- 2011: The 11th Circuit Court of Appeals overturns Magnuson’s decision, finding that water supply is a fully authorized purpose of Lake Lanier.
- 2012: The U.S. Supreme Court effectively upholds the 11th Circuit’s decision by denying requests by Alabama and Florida to review the 11th Circuit’s decision.
- 2014: The Supreme Court allows Florida to sue Georgia over an “equitable apportionment” of waters of the ACF Basin, and it appoints Maine lawyer Ralph Lancaster to oversee the case as special master.
- 2017: Lancaster recommends that the Supreme Court deny Florida’s request for relief because Florida has not proven by clear and convincing evidence that any issues could be addressed without the Corps as a party to the case.
- January 2018: Georgia and Florida present arguments to the Supreme Court on Lancaster’s recommendation.
- June 2018: The Supreme Court sends the case back to an appointed special master for further review, ruling Florida’s case was strong enough that further hearings and evidence could allow the court to come up with a decree on water consumption.
- December 2019: U.S. Circuit Judge Paul J. Kelly Jr. rules against Florida in an 81-page order, saying he didn’t recommend the Supreme Court grant Florida’s request for an equitable apportioning of waters in the ACF.
- Dec. 31: Case is set for oral arguments on Feb. 22
Georgia, meanwhile, wants the court to accept Kelly’s recommendation. Georgia said in a June court filing, “After more than six years of litigation, it is now clear that Florida’s case was built on rhetoric and not on facts.”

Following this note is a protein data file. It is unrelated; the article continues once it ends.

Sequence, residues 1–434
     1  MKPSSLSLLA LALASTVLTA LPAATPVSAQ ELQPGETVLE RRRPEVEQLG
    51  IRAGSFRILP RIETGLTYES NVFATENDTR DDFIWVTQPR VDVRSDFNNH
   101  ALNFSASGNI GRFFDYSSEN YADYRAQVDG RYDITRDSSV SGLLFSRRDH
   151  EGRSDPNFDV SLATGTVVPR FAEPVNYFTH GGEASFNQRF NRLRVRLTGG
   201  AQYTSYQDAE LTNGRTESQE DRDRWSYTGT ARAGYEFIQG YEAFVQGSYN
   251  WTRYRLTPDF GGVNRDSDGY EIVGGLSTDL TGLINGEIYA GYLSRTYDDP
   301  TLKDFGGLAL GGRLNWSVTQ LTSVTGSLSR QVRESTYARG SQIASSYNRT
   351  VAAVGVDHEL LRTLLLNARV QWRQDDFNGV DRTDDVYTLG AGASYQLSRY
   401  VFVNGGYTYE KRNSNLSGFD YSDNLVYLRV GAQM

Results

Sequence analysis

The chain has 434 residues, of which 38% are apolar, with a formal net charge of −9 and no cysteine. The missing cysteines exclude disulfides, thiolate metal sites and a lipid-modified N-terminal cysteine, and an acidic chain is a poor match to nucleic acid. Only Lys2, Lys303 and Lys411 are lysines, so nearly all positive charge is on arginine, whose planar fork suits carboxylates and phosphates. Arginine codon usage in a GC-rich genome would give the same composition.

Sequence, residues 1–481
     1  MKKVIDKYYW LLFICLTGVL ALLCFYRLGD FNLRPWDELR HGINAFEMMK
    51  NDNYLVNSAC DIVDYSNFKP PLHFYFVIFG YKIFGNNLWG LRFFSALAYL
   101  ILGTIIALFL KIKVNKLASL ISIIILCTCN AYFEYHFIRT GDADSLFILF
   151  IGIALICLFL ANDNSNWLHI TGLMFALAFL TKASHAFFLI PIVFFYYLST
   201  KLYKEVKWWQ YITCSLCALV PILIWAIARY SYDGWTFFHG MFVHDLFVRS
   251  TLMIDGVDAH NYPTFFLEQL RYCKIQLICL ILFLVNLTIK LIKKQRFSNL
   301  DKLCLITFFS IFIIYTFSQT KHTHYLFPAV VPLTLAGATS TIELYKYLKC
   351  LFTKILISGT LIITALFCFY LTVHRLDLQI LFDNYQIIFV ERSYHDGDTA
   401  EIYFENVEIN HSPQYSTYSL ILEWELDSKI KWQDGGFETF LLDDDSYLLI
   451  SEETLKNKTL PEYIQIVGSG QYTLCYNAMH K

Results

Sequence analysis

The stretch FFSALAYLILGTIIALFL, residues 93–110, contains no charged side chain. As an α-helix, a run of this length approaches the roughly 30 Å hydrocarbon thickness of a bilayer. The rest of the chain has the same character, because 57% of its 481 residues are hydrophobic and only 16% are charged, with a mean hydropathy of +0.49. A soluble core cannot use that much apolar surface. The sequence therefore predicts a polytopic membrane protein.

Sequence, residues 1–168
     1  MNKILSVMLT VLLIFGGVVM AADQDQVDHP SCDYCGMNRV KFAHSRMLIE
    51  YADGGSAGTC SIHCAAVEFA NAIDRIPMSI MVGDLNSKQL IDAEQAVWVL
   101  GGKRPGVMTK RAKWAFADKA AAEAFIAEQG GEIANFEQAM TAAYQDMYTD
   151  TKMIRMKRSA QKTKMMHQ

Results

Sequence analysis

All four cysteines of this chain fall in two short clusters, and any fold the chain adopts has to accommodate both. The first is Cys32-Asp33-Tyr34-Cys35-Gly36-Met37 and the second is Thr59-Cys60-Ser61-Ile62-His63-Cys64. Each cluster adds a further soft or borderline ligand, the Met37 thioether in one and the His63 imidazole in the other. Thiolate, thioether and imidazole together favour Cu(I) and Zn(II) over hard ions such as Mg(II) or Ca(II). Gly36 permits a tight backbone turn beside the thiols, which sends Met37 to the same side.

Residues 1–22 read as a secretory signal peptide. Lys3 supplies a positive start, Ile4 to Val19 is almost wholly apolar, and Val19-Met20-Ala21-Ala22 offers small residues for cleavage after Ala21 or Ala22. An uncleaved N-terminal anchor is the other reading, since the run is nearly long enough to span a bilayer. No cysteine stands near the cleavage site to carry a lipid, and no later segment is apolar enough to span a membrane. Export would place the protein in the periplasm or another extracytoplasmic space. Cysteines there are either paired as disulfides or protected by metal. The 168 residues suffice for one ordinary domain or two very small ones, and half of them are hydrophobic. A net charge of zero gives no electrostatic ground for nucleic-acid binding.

Georgia contends that while it accounts for more than 90% of the population, employment and “economic output” in the basin, the state’s total water consumption is 2.4% of “state line” flows in wet years and 6.1% in dry years, its lawyers say.
The issue is actually making its second pass through the Supreme Court. Ralph Lancaster, a court-appointed special master before Kelly, offered a recommendation — also siding with Georgia — but justices had additional questions and decided to appoint Kelly to carry on the work.
“It seems to me (Kelly) answered all the questions put to him by the justices,” said Clyde Morris, attorney for the Gainesville-based Lake Lanier Association. “Perhaps more importantly — and this is merely my opinion — I think the justices were throwing Florida a bone when they remanded the first time.